The item I want to bring to the front is that many services like the OPP in Ontario are using in car terminals to dispatch calls and information. This is a great time saver for the dispatchers but I think it is going to eventually be a headache or worse a disaster for the frontline officers.

Personally I think that this is a major officer safety issue. My reasons are as follows

- the officer needs to stop and read the message or try and read it while driving not that easy in traffic or on a highway at highway speeds this slows response.

- in most systems the calls are sent to just the single car this means only the dispatcher knows where the car is going and what he is doing. yes other cars can sometimes look up active calls but often the system is set to flag these look ups.

- this type of dispatching puts the officer out there by himself (very dangerous). Under normal radio dispatching every one hears the call and often a closer car will jump in and take the call. if not every car knows where the officer is going and what he is doing. This results in other nearby cars often doing a 'flyby' just to support the officer and to verify all is ok. Also what is lost is another car or officer looses the opportunity of providing other important information like "I was there last week and ...." or "keep an eye out for the neighbor he was/is...." or even "thats so and so they are...."

- officers often loose track of what is happening in their division or town because they dont hear whats happening locall unless they talk to a fellow officer and this could be at the end of the shift hours later. its little hep finding out that a co-worker was looking for John doe and you saw him not more than an hour ago and could have stopper or arrested him then if you had known.

- have you ever tried to do a pursuit or foot chase using a terminal. It dosnt work well

The best solution I have seen is all calls are voiced over the radio EG Car 123 there is a domestic at 321 House St, Details are in the call text With many forces being encrypted there is very little reason for even the details to be sent only to the one car.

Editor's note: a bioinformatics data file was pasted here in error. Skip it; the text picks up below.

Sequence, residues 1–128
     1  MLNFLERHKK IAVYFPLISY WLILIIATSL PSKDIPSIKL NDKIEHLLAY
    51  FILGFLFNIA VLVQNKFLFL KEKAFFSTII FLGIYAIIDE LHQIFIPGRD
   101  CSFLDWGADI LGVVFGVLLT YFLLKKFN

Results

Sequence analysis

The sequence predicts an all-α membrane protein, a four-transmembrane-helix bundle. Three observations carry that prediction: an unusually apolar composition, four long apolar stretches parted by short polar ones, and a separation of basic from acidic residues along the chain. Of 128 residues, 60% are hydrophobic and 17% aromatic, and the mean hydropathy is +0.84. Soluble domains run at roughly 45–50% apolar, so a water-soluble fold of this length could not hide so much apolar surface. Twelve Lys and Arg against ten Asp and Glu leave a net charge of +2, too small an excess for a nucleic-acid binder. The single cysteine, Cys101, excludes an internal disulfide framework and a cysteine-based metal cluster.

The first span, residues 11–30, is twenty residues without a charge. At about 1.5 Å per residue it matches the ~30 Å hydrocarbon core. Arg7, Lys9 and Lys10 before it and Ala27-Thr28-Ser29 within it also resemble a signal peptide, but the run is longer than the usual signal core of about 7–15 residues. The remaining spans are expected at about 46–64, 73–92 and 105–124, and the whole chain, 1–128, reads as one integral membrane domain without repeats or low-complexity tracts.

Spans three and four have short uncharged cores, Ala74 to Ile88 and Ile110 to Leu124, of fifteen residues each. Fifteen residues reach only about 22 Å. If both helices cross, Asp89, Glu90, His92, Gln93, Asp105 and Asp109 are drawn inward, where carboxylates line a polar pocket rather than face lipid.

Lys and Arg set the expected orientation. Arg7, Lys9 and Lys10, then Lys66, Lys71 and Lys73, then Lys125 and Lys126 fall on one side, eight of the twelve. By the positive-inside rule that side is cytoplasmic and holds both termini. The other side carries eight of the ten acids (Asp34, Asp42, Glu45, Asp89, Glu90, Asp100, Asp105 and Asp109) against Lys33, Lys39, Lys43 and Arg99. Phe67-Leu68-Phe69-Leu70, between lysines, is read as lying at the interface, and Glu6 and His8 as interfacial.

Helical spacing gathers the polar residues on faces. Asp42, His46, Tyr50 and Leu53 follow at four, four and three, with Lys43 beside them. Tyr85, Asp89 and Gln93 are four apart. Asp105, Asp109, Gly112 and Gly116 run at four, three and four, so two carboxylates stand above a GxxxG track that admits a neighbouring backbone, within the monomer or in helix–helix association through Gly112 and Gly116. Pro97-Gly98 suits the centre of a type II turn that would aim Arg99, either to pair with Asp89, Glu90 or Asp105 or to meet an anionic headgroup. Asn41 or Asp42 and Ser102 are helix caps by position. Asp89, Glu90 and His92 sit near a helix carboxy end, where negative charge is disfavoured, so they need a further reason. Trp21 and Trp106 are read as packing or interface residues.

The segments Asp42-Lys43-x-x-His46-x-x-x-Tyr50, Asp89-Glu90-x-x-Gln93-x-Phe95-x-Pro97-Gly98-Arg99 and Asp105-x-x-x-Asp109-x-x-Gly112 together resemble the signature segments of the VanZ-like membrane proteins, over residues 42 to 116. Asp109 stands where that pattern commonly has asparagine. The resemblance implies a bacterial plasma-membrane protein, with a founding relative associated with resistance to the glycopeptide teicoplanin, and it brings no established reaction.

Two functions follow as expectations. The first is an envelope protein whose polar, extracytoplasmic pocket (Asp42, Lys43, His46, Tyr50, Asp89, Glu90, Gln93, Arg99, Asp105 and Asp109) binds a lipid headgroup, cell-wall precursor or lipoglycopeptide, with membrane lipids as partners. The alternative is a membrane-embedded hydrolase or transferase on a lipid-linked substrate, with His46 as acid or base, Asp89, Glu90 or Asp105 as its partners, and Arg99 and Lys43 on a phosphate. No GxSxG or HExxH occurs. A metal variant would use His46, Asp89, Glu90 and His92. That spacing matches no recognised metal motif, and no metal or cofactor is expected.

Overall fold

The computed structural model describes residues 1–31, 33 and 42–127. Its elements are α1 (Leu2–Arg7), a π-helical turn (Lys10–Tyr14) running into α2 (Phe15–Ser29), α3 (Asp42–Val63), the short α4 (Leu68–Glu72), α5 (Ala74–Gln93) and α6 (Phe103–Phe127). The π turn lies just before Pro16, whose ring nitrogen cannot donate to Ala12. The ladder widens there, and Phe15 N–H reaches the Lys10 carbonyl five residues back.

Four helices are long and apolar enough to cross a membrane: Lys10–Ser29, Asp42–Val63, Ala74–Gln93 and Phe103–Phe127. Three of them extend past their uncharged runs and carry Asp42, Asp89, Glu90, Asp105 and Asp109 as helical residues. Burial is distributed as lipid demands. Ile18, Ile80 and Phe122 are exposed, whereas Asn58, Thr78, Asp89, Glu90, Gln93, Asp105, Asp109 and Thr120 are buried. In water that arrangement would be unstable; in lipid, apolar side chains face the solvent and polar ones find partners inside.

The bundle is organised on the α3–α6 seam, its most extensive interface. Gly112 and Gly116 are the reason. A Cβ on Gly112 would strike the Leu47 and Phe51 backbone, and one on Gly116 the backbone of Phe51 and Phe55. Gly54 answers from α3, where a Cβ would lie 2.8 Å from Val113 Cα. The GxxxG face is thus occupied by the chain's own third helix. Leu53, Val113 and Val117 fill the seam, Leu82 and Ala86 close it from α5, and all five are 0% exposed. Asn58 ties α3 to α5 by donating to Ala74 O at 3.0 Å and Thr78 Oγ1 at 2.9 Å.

troymail

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#5
Around here, I see police units routinely both playing with their data terminals while driving (and drifting) and also talking on their cell phones while driving.... The law in this state allows police and/or other public safety people to use their handheld cell phone while driving but at the same time makes it a violation for any other drive to do so.

I have never understood this -

Last time I checked, police were humans also (yup, still true now) and can result in the same consequences as any other driver -- in some cases, they are more likely to have or cause an incident since they many times are on a call and thinking about the call in advance of arriving there for safety and other reasons.
 
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#6
Back in 1973, I was stopped at a light in Des Plaines Illinois. To my left a police car was speeding toward the intersection with lights and siren. As the cop made his right turn, I could see he had one hand on the wheel, the other trying to collect a huge clipboard and flashlight flying accross his dashboard. It made me pucker a bit as he missed me by an inch or two.
 

natedawg1604

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#8
Fairly recently I was driving on City streets and saw an LEO stopped at an intersection (1) talking on the cell phone, (2) AND talking on the radio, and (3) AND typing on the Computer all at once. It was pretty funny...